"Crush" by Richard Siken

Crush Richard Siken, Louise Gluck

Series:
Yale Series of Younger Poets
Format:
Paperback
Publication date:
26 Nov 2019
ISBN:
9780300246308
Imprint:
Yale University Press
Dimensions:
80 pages: 210 x 140mm

This collection about obsession and love is the 99th volume of the Yale Series of Younger Poets
 
Richard Siken’s Crush, selected as the 2004 winner of the Yale Younger Poets prize, is a powerful collection of poems driven by obsession and love. Siken writes with ferocity, and his reader hurtles unstoppably with him. His poetry is confessional, gay, savage, and charged with violent eroticism. In the world of American poetry, Siken’s voice is striking.

Richard Siken is cofounder and editor of the literary magazine spork. He received two Arizona Commission on the Arts grants, two Lannan Residency Fellowships, and a Literature Fellowship in Poetry from the National Endowment for the Arts.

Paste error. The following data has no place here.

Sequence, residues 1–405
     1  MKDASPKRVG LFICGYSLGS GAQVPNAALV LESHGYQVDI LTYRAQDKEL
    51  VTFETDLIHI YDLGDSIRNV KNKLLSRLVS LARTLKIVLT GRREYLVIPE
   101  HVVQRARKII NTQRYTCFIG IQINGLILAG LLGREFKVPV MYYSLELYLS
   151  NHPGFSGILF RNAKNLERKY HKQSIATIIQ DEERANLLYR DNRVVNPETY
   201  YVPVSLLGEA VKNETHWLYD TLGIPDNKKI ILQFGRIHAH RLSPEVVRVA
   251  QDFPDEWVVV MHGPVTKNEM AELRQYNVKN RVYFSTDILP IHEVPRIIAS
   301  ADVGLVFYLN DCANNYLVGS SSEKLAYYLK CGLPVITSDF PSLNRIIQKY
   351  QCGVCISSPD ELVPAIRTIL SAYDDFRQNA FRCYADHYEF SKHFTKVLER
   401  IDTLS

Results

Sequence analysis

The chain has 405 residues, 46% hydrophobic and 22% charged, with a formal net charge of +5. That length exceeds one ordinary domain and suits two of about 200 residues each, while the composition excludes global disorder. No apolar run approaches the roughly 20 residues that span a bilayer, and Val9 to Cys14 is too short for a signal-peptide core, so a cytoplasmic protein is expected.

"Siken writes about love, desire, violence, and eroticism with a cinematic brilliance and urgency that makes this one of the best books of contemporary poetry."—Victoria Chang, Huffington Post


"Vital, immediate, and cinematic in scope, [Siken's] verse offers sharply observed vignettes of longing, love, and pain."—Library Journal (Best Poetry of 2005)


"Siken’s debut collection derives its energy from the friction among bodies, selves, and lovers. . . . This book will excite patrons and be long remembered. Recommended for all collections."—Library Journal


"Vital, immediate, and cinematic in scope, [Siken's] verse offers sharply observed vignettes of longing, love, and pain."—Library Journal (Best Poetry of 2005)


"A powerful collection of poems . . . at once confessional, gay, savage, and charged with a violent eroticism."—Forecast


Finalist for the 2005 National Book Critics Circle Award in Poetry


Winner of the 2005 Thom Gunn Award for Gay Poetry, sponsored by The Publishing Triangle


"Crush is a wondrous, brilliant book. Richard Siken’s poetry is daring in its construction, graceful yet startling in its beauty, and complicit with emotions and states of mind that would have remained unintelligible without him."—Dennis Cooper